While they made no secret of their baby making agenda, I totally wasn’t expecting what amounts to thinly veiled government endorsed pimping of not-quite-adults.

    1. That sleepover idea all but came out of left field. I seriously doubt the parents are also fully aware of the night “component” of the course entails because most parents would not want their children encouraged to engage in sex. When they’re ready sure, but before then? That’s pushing it.

      1. Umm, in the dinner scene about 2 eps ago, pretty sure his parents asked them how far they’ve gone and mentioned they did it pretty early. I think both parents knew what they were sending them in to when they requested this.

      2. The idea of the goverment telling you who to love is already a nightmare to me but the way they are manipulating the couples to this degree it has the whole thing reaching sickening levels. The fact that if you don´t do as you´re told you get black listed in the future makes me think that people are like breeding animals more than actual couples for the goverment, this truly is a dystopian society they live in.

  2. I’m usually one of the first people to decry Chekhov’s gun as being something that belonged firmly in the 19th century just as much as the idea of hanging loaded rifles on a wall did, but all of a sudden we are looking down the barrel of that corrupted text message in the first episode and boy does that transform this story.

    But what actually does it transform it into? The slightly creepy government agents and their control rooms full of CCTV monitors now start to look far more sinister. And my comment from two weeks ago about how a hugely complex matchmaking system that should be able to work out someone is gay may have been programmed not to care is starting to look even more on the mark. Except that perhaps it’s been programmed not to care in one specific case.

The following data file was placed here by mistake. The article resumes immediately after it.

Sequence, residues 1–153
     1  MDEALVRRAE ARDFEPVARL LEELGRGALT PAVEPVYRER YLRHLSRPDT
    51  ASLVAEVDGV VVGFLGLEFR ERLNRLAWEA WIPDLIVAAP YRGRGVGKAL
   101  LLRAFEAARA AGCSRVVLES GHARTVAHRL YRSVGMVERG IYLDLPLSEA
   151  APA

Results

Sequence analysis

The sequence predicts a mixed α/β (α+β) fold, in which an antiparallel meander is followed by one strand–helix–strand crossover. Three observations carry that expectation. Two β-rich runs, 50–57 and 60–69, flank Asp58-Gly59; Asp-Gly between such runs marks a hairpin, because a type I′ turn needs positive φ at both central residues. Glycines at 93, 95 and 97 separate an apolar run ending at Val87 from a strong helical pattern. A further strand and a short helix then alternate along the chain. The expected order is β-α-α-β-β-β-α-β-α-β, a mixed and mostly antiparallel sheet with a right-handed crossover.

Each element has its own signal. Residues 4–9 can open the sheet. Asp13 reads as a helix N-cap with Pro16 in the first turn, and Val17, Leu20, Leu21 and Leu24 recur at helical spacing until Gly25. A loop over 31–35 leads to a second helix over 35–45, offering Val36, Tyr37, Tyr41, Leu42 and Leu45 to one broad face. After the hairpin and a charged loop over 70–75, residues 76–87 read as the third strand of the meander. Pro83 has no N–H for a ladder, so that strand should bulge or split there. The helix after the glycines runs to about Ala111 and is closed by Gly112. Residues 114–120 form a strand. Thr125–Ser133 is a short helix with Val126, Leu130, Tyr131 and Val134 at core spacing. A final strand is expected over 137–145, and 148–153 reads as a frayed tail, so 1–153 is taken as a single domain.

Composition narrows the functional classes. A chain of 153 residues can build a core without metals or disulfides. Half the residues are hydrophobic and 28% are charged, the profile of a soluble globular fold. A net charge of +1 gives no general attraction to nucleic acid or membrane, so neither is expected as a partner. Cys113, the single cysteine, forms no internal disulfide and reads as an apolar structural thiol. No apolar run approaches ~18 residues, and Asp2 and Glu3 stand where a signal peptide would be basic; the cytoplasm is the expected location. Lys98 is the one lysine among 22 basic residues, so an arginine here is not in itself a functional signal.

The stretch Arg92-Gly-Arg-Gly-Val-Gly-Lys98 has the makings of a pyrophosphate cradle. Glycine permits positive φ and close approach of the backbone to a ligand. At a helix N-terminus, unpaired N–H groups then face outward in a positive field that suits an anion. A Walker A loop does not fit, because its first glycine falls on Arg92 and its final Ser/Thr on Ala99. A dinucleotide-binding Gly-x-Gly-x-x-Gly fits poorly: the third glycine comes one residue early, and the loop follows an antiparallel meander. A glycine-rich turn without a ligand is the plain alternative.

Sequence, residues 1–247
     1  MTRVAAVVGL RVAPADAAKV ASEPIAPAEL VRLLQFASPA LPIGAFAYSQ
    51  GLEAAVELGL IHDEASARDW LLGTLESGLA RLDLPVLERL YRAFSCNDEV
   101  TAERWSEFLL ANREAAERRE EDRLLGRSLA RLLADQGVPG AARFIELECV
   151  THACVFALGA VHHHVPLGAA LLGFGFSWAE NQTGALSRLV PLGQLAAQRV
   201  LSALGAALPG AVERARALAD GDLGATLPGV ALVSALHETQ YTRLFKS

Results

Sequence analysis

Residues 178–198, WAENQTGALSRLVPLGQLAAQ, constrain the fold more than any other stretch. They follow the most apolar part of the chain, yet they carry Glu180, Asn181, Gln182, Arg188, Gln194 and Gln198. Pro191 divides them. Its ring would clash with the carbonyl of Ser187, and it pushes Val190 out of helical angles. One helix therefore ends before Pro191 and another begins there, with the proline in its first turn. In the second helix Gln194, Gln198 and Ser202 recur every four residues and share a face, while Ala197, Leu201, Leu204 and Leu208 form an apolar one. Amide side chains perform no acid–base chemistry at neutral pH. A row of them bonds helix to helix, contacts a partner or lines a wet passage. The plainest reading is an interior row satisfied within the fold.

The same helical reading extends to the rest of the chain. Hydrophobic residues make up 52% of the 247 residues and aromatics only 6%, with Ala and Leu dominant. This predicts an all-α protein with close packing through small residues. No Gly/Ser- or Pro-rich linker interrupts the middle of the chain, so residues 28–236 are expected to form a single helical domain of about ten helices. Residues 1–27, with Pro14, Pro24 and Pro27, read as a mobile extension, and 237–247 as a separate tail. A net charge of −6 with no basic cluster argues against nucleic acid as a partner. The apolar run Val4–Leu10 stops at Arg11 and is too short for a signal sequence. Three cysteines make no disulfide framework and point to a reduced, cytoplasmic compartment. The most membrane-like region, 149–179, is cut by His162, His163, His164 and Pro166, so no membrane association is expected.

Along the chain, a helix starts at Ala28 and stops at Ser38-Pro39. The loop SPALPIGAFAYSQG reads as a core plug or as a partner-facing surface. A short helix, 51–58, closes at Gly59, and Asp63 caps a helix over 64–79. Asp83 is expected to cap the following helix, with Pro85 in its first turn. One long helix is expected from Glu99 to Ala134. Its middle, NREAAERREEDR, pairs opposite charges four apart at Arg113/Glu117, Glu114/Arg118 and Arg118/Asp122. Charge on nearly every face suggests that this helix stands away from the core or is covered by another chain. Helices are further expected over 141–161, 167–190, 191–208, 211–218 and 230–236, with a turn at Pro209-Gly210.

So is this goodbye Romeo and Juliet and hello The Truman Show?

      1. This is true. It’s a little sad that the nature of Anime means we likely wouldn’t see another series set in the world taking a different angle like that. I truly want to learn more about this government and what’s going on with the citizenry in general. I’d love to see a sort of non-violent resistance group and their efforts in this country.

        Even if this series does well enough to warrant a sequel, I’d almost bet it’d just be more of the same however. Not that that’s inherently bad. I’m enjoying the series for what it is, but there is surprisingly a lot of interesting things you could mine from this premise.

      2. There are a lot of other stories about dystopian civilizations focusing in the political and cultural shenanigans of them, I’m not interested since reality is more interesting in that matter. There are far less about human relationships in those setups, that’s why I like this story.

      3. And I’ll try to say this without spoiling: in this story the goverment is no some kind of shady totalitarian tiranny, everyone is very free to choose their path and it will show. What is really interesing is: Show Spoiler ▼

    1. Best idea I’ve seen so far is Neji serving as a guinea pig for the whole marriage system. Misaki was his intended partner, but the bureaucrats (Shuu) changed it to someone else (Ririna) to see if one’s free choice can prove better than the system’s selection. Basically a feedback loop to better perfect the marriage system’s matchmaking.